Thursday, June 07, 2012

Force of Colour

Artists generally exist in worlds that don't accommodate them. For every artist who's financially successful, there are thousands who aren't, and this isn't a reflection of the artist's ability or passion. Take Vincent van Gogh. Vincente Minnelli's 1956 biopic of Van Gogh, Lust for Life, gives us a story about an artist who never made a living off his art but remained passionate and committed to his work nevertheless. The story is somewhat simplified in a typical, 1950s mainstream manner, but Minnelli made a beautiful film that presents important ideas very well.

One can see how Minnelli was an appropriate director for Van Gogh's story--Minnelli loved contrasts and strong colour much as Van Gogh did, and one suspects Van Gogh had been an influence on Minnelli long before Lust for Life. There are shots in the film cleverly designed to resemble Van Gogh's paintings;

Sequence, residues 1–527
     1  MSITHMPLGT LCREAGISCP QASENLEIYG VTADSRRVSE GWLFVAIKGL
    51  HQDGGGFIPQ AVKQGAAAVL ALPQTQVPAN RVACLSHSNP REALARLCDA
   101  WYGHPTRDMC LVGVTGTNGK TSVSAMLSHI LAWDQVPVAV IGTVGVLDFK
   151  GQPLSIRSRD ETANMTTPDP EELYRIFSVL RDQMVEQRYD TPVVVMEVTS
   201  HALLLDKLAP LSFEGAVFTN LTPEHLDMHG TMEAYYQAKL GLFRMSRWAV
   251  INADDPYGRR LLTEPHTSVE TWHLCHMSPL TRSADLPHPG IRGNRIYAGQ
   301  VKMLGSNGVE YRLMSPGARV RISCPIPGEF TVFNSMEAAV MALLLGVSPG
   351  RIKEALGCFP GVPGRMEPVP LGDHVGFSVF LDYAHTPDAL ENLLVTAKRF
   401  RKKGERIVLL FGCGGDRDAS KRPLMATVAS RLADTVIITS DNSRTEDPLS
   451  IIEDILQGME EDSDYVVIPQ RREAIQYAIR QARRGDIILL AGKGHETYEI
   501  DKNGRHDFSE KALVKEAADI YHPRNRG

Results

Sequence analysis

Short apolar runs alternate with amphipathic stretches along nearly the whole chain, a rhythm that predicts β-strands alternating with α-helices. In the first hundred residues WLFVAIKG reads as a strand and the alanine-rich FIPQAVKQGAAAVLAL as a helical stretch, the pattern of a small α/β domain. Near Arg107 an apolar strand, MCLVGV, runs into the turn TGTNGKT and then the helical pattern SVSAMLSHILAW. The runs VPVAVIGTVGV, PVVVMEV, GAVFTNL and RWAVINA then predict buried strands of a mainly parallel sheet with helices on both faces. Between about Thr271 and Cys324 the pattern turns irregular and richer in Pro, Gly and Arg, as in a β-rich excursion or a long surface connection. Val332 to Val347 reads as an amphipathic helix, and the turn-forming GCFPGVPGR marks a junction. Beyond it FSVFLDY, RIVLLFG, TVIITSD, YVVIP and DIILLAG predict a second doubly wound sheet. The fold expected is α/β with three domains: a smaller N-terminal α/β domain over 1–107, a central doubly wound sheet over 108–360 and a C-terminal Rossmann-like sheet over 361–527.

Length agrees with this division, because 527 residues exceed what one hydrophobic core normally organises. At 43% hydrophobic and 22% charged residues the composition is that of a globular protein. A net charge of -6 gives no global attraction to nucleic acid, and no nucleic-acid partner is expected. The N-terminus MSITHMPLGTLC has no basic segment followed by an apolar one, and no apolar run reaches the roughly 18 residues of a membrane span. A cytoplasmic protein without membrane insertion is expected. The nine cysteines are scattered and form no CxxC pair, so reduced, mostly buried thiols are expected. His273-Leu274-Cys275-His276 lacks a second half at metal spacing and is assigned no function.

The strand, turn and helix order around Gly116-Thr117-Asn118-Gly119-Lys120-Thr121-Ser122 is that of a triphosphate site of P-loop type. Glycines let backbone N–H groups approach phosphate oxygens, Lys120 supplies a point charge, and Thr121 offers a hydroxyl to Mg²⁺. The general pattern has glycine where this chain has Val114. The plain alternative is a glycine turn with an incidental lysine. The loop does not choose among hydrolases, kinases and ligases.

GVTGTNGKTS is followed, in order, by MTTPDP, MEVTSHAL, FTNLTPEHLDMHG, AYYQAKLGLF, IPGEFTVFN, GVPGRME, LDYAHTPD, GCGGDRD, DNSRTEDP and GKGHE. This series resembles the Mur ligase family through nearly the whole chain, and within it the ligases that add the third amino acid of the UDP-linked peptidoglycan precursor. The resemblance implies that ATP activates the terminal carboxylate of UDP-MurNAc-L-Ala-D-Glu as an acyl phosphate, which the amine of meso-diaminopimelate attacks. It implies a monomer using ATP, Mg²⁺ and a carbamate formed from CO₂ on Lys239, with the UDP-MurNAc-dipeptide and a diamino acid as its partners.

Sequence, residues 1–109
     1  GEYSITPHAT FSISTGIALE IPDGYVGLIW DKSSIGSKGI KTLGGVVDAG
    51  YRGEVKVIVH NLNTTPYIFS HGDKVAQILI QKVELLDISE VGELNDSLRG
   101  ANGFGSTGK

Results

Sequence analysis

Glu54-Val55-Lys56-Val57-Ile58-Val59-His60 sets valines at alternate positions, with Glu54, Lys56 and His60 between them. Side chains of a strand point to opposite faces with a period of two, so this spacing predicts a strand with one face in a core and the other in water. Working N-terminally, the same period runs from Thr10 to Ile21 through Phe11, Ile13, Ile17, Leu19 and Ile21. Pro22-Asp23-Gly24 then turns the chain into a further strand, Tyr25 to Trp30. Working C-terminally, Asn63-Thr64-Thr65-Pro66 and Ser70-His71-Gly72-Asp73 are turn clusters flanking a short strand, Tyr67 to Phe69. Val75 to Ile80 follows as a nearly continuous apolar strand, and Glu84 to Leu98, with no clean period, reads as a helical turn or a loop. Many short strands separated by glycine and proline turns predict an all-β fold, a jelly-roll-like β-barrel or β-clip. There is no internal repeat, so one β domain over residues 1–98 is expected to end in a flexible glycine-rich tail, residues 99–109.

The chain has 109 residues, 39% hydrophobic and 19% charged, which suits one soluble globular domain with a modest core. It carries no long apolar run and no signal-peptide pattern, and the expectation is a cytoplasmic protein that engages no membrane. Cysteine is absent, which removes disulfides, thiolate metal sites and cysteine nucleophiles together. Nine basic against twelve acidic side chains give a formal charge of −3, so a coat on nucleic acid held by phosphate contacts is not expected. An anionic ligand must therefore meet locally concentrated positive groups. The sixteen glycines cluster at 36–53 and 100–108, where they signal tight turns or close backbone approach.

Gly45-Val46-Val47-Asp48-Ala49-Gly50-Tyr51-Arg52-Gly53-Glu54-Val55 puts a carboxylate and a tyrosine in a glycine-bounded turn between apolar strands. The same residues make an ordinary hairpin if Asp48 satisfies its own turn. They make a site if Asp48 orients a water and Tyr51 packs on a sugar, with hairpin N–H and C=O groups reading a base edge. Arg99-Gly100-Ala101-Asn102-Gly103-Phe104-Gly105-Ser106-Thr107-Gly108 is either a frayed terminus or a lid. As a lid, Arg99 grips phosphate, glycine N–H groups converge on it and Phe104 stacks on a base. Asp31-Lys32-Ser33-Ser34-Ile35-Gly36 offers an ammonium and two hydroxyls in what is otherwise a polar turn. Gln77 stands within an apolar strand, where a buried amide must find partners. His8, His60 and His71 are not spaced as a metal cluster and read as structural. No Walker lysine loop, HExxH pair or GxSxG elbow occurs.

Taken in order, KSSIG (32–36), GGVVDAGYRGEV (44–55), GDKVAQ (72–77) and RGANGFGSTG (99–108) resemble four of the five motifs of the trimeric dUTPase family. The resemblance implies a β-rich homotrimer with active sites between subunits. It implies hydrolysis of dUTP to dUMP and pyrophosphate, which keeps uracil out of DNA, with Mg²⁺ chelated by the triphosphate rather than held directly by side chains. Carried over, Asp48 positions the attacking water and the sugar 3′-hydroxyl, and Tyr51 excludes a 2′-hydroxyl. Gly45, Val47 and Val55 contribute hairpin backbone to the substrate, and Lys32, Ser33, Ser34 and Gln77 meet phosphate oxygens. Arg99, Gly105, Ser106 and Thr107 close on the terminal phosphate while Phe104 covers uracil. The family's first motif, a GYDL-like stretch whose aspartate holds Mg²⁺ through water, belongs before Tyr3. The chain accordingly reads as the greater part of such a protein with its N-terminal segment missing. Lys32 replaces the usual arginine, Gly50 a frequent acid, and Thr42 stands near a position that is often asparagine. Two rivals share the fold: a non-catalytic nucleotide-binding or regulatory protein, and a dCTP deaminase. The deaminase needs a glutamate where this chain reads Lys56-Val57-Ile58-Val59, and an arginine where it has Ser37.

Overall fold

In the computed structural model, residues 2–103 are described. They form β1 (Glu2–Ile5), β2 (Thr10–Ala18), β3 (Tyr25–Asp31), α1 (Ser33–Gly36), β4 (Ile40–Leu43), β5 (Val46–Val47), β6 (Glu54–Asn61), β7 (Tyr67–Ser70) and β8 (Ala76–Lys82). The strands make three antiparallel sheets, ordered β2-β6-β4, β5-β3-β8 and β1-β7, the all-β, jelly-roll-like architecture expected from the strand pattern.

Though of course Van Gogh's paintings are much more complex than Minnelli's compositions. A good way to describe what Van Gogh achieves--and what a lot of great artists achieve--is to say that his paintings simultaneously have a wonderful simplicity and a wonderful complexity, that these two effects are one impression.

I couldn't help thinking of the Doctor Who episode from a couple years ago, "Vincent and the Doctor", in which the Doctor meets Van Gogh and there were shots similarly designed to look like Van Gogh's paintings. That episode was written by Richard Curtis, known for making romantic comedies like Bridget Jones' Diary and Notting Hill, and so perhaps it's unsurprising that his work about Van Gogh should be less effective than Minnelli's, but mainly I'd say Lust for Life outshines "Vincent and the Doctor" in the casting of Van Gogh himself, who's played with teeth grinding fervour by Kirk Douglas in Minnelli's film.

Particularly in his courage to look unattractive, desperately falling at the feet of the woman he loves who's disgusted with his unvarnished passion, Douglas elevates the very linear, traditional Hollywood biopic quality of the film. And we believe and go along with Douglas as he pursues painting beyond the bounds of conventional reason.

The movie, in its discussions between artists, is also pretty instructive, telling the audience the importance of considering the light reflected off of everything in the vicinity of a subject. And I liked a line Van Gogh has about not wanting to paint people but "their expressions."

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